In 1998, he was appointed director of the Bureau for Workersâ€™ Activities, International Labour Office (ILO), and from 1999-2001 he served as director of the Office of the ILO Director-General.
On 1 February 2002, he was appointed general secretary of the ICFTU, a position which he held until the founding Congress of the ITUC in November 2006, where he was elected ITUC General Secretary.
"We must break the tyranny of short-term thinking in favor of long-term solutions. This will demand a renewed commitment to core principles," says UN Secretary-General Ban Ki-moon on international cooperation.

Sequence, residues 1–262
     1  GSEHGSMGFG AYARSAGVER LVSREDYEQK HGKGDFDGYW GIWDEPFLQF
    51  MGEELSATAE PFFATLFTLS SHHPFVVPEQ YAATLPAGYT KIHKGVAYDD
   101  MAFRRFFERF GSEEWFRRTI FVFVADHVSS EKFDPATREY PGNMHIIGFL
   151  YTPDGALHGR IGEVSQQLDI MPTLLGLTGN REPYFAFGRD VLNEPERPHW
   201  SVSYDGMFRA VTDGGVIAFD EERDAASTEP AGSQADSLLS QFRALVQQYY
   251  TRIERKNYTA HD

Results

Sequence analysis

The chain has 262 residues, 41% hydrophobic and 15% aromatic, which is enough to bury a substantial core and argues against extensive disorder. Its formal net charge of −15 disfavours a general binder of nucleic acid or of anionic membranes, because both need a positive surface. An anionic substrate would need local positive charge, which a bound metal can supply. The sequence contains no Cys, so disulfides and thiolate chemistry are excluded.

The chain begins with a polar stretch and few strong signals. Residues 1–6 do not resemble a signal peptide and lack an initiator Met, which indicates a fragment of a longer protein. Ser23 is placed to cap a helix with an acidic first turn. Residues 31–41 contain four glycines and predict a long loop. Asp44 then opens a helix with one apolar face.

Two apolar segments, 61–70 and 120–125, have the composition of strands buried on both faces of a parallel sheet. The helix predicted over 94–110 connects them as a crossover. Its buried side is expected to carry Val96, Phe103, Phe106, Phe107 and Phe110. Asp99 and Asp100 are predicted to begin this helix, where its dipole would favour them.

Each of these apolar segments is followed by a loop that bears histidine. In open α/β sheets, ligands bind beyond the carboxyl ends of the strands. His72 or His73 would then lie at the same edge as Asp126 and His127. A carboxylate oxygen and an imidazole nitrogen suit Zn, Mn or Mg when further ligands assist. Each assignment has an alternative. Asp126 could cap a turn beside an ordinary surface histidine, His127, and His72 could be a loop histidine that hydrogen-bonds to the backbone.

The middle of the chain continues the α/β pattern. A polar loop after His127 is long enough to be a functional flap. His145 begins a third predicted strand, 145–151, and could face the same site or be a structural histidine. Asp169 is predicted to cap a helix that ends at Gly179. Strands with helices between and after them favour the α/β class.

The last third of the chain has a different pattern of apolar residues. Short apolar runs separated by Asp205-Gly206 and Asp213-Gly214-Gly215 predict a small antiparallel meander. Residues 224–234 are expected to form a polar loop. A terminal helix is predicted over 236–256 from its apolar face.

(born June 13, 1944, Umsong, Japanese-occupied Korea [now in S.Kor.]) South Korean diplomat and politician who became the eighth secretary-general of the United Nations (UN) in 2007. He received a B.A. (1970) from Seoul National University and an M.A. (1985) from the John F. Kennedy School of Government at Harvard University. After entering South Korea's foreign service in 1970, he held a number of posts, including national security adviser to the president (199698) and minister of foreign affairs and trade (200406). His UN experience began in 1975 when he became a staff member of the UN division of the Foreign Ministry in Seoul. He later led the cabinet of the president of the UN General Assembly during South Korea's tenure of the rotating presidency in 200102, the critical period following the terrorist attacks in the U.S. on Sept. 11, 2001 (seeSeptember 11 attacks). Ban succeeded Kofi Annan on Jan. 1, 2007, becoming the first Asian to serve as UN secretary-general since Burmese statesman U Thant held the office (196271). Ban faced a number of challenges, including the North Korean and Iranian nuclear threats, the humanitarian crisis in the Darfur region of The Sudan, and reform of the UN.